First Time Buyer – Everything You Need to Know

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Buying a house can be an exciting but also daunting experience. There are many questions and concerns that may arise during the process, especially for First time buyer mortgage UK. In this article, we will address some common questions and provide answers to help make the process of buying a house easier.

What should come first – the property or the mortgage?

It is recommended that you have a mortgage in principle drawn up before making an offer on a property. A mortgage in principle is a document that shows how much money a lender may be willing to lend you based on your income, credit history, and expenses. It is not a formal mortgage offer, but it can give you an idea of what you can afford.

Once you have found a property you want to buy, you will need to have an offer accepted before a formal mortgage application can begin. Lenders rely on the property as security for the loan, so they need to know that you have a property before they can make a formal mortgage offer.

Can we negotiate the asking price?

It is possible to negotiate the asking price of a property, but it depends on your individual situation. As a first-time buyer, your position may be stronger if you do not need to sell a property before buying. However, if there are multiple offers on the property or if the seller is not in a rush to sell, they may not be willing to lower the price.

To negotiate effectively, you should ask the estate agent about any other offers on the table, how long the property has been on the market, and the seller’s current position. If you know that the seller is in a rush to sell, you may be able to negotiate a lower price.

What happens after we put in an offer?

Once your offer has been accepted, you will need to find a solicitor or conveyancer to handle the legal process of transferring the property to you. A conveyancer is a specialized property lawyer who can help with the legal process of transferring one property to another. Your estate agent may suggest a conveyancer, but you do not have to use their recommendation. You can use a solicitor or conveyancer from anywhere in the country, and it may be cheaper to use one outside of London.

Is buying together the right choice?

What if we split up? If you are buying a property with someone else, it is important to consider what will happen if you split up. One option is to become tenants in common, which means you each own a specific share of the property.

This can be helpful if one person is putting in more money than the other, as it can be reflected in the proportion of the property they own. You can also agree on the terms of the contract, such as how much each person will contribute to the mortgage repayments and any increase in equity to the property. This can give you peace of mind that you are doing everything fairly.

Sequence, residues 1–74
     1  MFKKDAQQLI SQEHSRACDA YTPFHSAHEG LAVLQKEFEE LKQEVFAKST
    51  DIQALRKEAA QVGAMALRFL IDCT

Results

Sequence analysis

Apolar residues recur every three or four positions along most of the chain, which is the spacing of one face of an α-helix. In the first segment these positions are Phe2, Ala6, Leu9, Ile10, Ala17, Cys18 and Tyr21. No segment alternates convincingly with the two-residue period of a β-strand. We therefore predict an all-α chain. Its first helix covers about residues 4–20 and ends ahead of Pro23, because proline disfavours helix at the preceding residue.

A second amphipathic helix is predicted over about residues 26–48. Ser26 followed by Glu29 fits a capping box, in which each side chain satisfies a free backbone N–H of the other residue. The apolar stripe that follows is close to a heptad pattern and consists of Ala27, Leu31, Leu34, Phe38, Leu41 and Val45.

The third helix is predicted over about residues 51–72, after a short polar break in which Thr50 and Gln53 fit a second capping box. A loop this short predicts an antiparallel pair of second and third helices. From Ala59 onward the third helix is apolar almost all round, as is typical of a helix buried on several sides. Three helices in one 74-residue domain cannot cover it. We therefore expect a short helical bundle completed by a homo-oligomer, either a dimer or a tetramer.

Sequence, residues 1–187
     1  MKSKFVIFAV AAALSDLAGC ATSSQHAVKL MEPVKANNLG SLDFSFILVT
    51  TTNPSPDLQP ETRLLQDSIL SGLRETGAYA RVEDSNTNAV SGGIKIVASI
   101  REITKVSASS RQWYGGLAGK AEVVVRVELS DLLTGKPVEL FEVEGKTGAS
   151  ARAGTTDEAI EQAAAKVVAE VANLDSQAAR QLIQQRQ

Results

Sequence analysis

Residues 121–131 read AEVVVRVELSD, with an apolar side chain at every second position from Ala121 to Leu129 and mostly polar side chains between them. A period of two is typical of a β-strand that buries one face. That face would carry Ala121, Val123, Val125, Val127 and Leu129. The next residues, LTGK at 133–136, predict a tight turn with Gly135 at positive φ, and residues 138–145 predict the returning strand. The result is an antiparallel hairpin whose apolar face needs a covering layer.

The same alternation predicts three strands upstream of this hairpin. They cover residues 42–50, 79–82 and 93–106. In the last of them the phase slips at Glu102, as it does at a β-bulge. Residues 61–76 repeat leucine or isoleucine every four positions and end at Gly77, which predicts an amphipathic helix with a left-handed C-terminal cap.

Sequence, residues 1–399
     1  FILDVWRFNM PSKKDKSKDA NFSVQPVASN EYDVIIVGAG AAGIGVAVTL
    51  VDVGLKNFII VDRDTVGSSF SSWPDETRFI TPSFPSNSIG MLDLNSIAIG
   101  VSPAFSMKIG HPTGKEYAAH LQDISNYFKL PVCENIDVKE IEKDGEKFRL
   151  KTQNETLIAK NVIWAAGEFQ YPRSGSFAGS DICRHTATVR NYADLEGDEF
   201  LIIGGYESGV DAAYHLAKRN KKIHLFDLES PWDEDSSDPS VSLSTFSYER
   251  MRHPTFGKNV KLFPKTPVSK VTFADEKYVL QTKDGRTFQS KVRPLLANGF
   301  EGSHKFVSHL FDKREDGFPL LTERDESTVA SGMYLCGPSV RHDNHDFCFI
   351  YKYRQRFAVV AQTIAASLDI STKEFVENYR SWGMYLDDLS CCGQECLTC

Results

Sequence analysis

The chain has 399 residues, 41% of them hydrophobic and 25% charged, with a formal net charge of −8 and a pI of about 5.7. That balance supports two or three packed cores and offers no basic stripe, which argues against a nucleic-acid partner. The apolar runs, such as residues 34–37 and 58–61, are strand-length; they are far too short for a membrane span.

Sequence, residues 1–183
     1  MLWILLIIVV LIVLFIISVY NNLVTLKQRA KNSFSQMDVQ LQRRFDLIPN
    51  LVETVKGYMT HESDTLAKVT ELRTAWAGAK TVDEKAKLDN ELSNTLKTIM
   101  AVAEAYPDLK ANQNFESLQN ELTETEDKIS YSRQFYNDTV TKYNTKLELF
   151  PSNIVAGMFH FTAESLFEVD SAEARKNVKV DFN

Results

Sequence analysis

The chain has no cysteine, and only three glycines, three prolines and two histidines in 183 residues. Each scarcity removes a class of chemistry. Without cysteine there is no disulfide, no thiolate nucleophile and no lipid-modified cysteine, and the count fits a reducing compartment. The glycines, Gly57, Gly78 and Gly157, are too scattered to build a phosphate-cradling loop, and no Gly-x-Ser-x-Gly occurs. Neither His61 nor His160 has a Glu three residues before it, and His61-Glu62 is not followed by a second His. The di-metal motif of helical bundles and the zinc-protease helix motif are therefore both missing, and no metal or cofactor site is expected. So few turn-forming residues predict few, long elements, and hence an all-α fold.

Is it the mortgage or the deeds which show who owns a house?

Both the mortgage and the title deeds are important in establishing ownership of a property. The mortgage shows how you are paying for the house, while the title deeds are legal documents that show who owns the property.

If you buy a property outright, you will still have title deeds but no mortgage. It is important to keep these documents safe, as they may be needed if you ever decide to sell the property.

Does the mortgage move with us if we move house? What if the new property is more expensive? Many mortgages are now portable, which means you can take them with you if you move house. However, you should check with your lender before deciding on a mortgage product.

If the new property is more expensive, you may need to borrow more money to cover the cost. This could be a good time to re-evaluate your financial situation and consider if you can afford the higher mortgage payments. If you are struggling to find a mortgage that meets your needs, it may be a good idea to speak with a mortgage broker who can offer advice and help you find the right product for your circumstances.

Do we need to have a survey done on the property?

It is highly recommended that you have a survey done on the property before buying, especially if it is an older or unique property. A survey can identify any potential issues with the property, such as structural damage or subsidence, which could be costly to repair in the future.

There are different types of surveys available, including a homebuyer’s report or a full building survey. Your conveyancer or estate agent may recommend a surveyor, but you can also find one independently.

What happens on completion day?

Completion day is when the purchase of the property is completed, and the keys are handed over to the buyer. Your solicitor or conveyancer will transfer the purchase price to the seller’s solicitor, and the legal ownership of the property will be transferred to you.

You will need to have arranged for buildings and contents insurance to be in place on the day of completion, as this is when you become responsible for the property.

In conclusion, buying a house can be a complex process, but with the right preparation and knowledge, it can also be a rewarding experience. It is important to take your time, do your research, and seek advice from professionals when needed to ensure you make an informed decision that meets your needs and financial situation.